What in the World?

This week in FP’s international news quiz: U.S. border restrictions lift, Iraq’s prime minister is attacked, and Ethiopia’s civil war escalates.

By , a deputy copy editor at Foreign Policy.
A passenger walks past airline staff
A passenger walks past airline staff after arriving on a flight from the United Kingdom, following the easing of U.S. pandemic travel restrictions, at John F. Kennedy International Airport in New York on Nov. 8. ED JONES/AFP via Getty Images

Are you up to date on this week’s international news? Test yourself with our weekly quiz!

Have feedback? Email whatintheworld@foreignpolicy.com to let me know your thoughts.

 

Are you up to date on this week’s international news? Test yourself with our weekly quiz!


1. The United States reopened its borders to travelers from more than 30 countries this week—as long as those travelers are vaccinated. Which of the following vaccines is not accepted by U.S. border authorities?


2. Iraq’s prime minister survived an apparent assassination attempt on Sunday. What is his name?


3. The Chinese Communist Party held a major meeting in Beijing this week, known by what Soviet-era label?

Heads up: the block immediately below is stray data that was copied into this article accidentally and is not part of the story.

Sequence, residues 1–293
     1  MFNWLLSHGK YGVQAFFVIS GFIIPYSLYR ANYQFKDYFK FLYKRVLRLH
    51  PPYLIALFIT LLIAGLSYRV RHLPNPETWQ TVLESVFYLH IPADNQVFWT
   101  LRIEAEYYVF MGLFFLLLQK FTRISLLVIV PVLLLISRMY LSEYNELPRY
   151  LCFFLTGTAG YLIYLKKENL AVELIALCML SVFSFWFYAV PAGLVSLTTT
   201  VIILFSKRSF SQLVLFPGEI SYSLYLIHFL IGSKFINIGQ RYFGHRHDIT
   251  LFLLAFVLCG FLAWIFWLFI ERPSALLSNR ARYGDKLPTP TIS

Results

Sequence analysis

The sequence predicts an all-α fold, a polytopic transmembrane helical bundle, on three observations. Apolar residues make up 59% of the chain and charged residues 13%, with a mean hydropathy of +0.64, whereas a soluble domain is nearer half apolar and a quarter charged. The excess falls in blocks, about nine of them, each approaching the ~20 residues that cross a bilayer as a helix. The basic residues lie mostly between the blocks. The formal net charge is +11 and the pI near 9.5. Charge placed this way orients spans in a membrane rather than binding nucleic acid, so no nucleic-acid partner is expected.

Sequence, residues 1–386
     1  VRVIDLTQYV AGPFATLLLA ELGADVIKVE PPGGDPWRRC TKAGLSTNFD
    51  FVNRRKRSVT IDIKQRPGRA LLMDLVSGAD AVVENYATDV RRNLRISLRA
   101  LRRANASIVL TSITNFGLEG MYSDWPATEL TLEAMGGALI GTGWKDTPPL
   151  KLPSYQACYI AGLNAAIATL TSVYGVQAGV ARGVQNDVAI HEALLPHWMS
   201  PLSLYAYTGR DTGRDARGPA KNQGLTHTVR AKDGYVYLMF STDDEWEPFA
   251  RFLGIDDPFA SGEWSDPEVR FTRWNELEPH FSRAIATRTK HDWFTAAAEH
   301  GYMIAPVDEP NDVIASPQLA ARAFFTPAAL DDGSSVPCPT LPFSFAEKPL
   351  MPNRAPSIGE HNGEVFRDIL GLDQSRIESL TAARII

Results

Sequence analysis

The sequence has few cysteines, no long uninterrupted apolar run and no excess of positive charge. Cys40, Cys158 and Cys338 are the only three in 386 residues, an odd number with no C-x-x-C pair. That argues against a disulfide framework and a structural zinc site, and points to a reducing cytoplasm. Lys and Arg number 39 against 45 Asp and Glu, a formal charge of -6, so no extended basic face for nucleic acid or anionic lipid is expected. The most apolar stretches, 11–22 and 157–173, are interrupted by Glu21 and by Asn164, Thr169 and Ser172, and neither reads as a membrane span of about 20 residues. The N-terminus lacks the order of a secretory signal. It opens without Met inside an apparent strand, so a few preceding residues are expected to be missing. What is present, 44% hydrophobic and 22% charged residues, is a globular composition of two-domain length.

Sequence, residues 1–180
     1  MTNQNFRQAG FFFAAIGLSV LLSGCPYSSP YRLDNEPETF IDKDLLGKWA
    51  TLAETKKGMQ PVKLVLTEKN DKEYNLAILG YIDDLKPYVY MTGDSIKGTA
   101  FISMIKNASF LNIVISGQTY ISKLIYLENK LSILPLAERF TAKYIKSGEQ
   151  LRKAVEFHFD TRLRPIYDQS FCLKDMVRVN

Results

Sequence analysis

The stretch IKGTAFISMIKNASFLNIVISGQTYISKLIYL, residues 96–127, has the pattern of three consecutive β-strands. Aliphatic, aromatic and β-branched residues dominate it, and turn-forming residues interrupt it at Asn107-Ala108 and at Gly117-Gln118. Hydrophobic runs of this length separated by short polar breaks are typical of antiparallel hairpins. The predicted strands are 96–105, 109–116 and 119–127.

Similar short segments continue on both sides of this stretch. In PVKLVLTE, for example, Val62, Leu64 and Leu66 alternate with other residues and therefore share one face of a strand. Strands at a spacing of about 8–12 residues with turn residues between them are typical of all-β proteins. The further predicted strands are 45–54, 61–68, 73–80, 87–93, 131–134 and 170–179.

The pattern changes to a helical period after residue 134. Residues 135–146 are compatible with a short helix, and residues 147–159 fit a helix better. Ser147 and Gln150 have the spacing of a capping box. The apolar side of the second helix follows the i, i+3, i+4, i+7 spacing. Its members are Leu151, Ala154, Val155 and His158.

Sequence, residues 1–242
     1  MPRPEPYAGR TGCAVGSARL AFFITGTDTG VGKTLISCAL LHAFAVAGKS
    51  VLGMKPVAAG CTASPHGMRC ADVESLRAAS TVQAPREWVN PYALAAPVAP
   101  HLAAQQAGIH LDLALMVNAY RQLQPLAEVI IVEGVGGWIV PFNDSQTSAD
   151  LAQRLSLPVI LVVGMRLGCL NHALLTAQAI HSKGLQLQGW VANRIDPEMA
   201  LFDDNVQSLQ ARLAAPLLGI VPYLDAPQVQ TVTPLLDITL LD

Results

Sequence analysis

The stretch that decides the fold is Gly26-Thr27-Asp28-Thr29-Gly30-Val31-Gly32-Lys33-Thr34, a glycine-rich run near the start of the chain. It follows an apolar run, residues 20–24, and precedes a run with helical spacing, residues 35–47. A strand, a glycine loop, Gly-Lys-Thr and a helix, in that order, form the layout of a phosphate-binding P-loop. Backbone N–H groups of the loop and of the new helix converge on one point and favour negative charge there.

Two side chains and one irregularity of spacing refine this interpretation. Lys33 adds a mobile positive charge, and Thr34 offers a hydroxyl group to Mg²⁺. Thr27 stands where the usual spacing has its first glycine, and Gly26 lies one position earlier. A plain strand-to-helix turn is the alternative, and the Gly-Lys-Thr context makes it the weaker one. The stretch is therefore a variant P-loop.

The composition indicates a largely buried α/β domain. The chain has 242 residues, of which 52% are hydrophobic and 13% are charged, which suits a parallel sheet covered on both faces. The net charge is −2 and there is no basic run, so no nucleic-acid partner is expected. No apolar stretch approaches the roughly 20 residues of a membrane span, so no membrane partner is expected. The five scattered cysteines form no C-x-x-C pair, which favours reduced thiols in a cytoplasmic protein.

For more on this week’s Sixth Plenum, check out the latest edition of FP’s China Brief newsletter.


4. Which intergovernmental organization, known by the abbreviation OAS, held its General Assembly this week?


5. As Ethiopia’s civil war escalates, the country’s government has detained more than a dozen staff members of which organization?

Adem K. Abebe offers a blueprint for peace in Ethiopia.


6. Bulgaria is set to hold parliamentary elections this weekend. Including the upcoming vote, how many such elections has the country held this year?


7. Poland has accused which country of intentionally sending migrants across its border as an act of aggression?

In September, Tomasz Grzywaczewski reported on the tactic from the Polish village of Usnarz Gorny.


8. Who is the right-wing pundit rising in the polls ahead of next year’s French presidential election?

Michele Barbero explains why France’s mainstream parties are falling behind.


9. What shopping holiday, considered equivalent to Black Friday or Cyber Monday in the United States, did China celebrate this week?


10. A parents’ group in South Korea filed a complaint with the National Human Rights Commission of Korea this week over what being given to their children while at school?

“Not being able to eat spicy food is not about preference or bad habits the children have to break,” the group argued. “Forcing them to eat such food is nothing but a human rights violation.”

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Have feedback? Email whatintheworld@foreignpolicy.com to let me know your thoughts.

 

Nina Goldman is a deputy copy editor at Foreign Policy. Twitter: @goldmannk

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